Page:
Study: Nobody Is Paying Attention on Your Conference Call - Atlantic :
It's 3:15 p.m. on a Wednesday, and I am deep, deep inside the guts of
BaseballReference.com, the statistical mecca for MLB
fanatics, conducting an exhaustive investigation on an issue of national
importance: What was the greatest pitching season of all time? Was it
Bob Gibson in '68? Pedro Martinez in 2000? Clayton Kershaw
in 2014? Browser tabs and Excel charts extend across my two computer
screens like the dashboard of a junior analyst. The answer is coming
into focus when, suddenly, a voice from the phone shocks me back into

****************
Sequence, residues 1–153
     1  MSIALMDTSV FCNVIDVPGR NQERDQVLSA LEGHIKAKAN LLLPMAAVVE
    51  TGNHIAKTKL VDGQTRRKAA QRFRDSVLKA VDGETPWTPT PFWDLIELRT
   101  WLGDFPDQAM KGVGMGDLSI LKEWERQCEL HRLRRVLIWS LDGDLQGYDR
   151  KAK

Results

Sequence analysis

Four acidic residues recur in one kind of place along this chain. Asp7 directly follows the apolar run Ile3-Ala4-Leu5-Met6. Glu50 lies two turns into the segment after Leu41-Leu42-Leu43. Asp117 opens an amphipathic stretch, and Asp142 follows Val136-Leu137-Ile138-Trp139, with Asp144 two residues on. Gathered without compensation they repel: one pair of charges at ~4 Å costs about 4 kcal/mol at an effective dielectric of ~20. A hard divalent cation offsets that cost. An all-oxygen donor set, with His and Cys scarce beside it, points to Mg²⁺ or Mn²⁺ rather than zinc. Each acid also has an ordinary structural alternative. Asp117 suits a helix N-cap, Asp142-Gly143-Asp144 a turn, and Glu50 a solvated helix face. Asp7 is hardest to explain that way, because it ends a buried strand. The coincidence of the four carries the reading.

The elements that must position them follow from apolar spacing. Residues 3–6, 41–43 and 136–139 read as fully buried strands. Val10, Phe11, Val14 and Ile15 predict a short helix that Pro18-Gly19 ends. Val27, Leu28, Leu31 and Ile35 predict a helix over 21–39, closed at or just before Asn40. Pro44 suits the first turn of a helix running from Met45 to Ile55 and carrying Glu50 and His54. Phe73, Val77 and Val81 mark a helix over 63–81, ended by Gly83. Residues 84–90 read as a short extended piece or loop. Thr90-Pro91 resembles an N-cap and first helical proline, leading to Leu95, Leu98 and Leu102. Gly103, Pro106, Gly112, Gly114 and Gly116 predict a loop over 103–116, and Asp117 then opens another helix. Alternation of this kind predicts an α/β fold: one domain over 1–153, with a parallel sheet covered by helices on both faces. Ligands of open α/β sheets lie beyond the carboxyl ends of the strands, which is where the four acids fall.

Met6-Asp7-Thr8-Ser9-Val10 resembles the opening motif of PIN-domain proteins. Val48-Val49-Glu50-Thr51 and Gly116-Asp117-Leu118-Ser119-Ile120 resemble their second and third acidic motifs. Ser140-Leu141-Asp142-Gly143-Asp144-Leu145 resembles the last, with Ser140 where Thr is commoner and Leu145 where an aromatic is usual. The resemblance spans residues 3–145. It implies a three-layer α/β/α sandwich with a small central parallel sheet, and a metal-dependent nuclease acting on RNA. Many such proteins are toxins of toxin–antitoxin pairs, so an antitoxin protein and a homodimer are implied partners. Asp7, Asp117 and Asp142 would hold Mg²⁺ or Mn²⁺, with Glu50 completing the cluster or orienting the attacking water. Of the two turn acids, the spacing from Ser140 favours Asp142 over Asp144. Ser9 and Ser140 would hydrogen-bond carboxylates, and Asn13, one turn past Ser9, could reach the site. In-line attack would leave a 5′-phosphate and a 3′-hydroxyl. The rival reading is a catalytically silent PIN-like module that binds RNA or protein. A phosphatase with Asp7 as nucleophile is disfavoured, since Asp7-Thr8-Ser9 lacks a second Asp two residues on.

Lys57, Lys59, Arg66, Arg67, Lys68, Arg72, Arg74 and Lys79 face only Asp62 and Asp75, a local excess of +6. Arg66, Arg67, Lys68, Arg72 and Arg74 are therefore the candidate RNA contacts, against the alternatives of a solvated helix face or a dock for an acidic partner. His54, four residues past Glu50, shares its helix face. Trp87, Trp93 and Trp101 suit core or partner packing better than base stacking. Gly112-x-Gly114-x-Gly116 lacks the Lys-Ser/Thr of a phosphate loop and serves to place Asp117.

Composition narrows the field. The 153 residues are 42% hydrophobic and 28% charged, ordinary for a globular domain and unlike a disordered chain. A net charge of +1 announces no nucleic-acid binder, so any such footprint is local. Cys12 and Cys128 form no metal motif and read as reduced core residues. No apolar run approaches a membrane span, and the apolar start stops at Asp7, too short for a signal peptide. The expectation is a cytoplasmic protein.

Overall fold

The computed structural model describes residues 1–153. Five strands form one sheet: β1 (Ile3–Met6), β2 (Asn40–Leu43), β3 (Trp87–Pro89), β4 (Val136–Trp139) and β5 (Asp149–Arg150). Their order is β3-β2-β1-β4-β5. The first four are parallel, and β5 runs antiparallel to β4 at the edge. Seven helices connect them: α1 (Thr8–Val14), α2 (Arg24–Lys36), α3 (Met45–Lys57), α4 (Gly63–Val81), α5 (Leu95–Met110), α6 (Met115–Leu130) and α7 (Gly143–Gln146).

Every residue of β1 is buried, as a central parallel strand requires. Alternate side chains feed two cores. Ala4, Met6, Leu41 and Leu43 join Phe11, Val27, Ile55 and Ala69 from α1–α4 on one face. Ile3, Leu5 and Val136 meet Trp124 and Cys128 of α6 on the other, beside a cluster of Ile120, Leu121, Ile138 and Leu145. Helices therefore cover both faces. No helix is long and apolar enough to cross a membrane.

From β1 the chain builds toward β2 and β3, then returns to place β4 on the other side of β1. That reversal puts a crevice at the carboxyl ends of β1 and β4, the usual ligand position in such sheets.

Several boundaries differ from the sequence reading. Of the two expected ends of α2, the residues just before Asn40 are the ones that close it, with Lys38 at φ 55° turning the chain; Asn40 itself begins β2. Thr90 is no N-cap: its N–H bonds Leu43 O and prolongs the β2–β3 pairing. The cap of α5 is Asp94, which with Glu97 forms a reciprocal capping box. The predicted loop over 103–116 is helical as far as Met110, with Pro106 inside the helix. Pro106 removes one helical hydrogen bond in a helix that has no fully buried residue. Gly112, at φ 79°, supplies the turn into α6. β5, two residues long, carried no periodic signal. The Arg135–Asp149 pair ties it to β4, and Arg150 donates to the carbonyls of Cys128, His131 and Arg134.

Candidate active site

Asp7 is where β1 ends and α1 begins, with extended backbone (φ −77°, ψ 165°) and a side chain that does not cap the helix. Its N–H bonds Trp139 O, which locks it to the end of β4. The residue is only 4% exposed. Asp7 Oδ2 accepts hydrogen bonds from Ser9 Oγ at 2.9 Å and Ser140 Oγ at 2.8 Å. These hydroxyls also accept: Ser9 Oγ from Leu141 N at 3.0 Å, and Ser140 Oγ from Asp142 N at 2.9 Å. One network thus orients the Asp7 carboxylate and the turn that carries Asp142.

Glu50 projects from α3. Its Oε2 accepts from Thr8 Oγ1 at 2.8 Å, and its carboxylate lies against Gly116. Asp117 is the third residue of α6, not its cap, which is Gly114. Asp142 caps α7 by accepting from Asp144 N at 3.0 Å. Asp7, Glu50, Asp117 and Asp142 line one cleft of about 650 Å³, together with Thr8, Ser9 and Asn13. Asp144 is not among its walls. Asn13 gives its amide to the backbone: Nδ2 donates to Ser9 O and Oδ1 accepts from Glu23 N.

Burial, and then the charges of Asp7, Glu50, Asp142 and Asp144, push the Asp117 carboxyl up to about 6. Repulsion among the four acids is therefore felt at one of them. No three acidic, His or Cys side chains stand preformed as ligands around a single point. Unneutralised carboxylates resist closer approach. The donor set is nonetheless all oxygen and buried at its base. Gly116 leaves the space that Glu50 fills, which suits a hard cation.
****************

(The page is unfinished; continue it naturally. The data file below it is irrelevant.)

... "Derek, what do you think? Derek. Derek!"
Oh, that's right. I'm on a conference call.
"Sorry, I was on mute," I say.
I wasn't on mute. What were they talking about? From my shallow
working memory, I can make out a few words spoken while I was looking up
Martinez's strikeout numbers—headlines? narrative structure? something about never again using personal anecdotes as ledes?—and I take a deep breath.
"Well, I guess I'd like to begin by piggy-backing on that last point about anecdotal ledes..."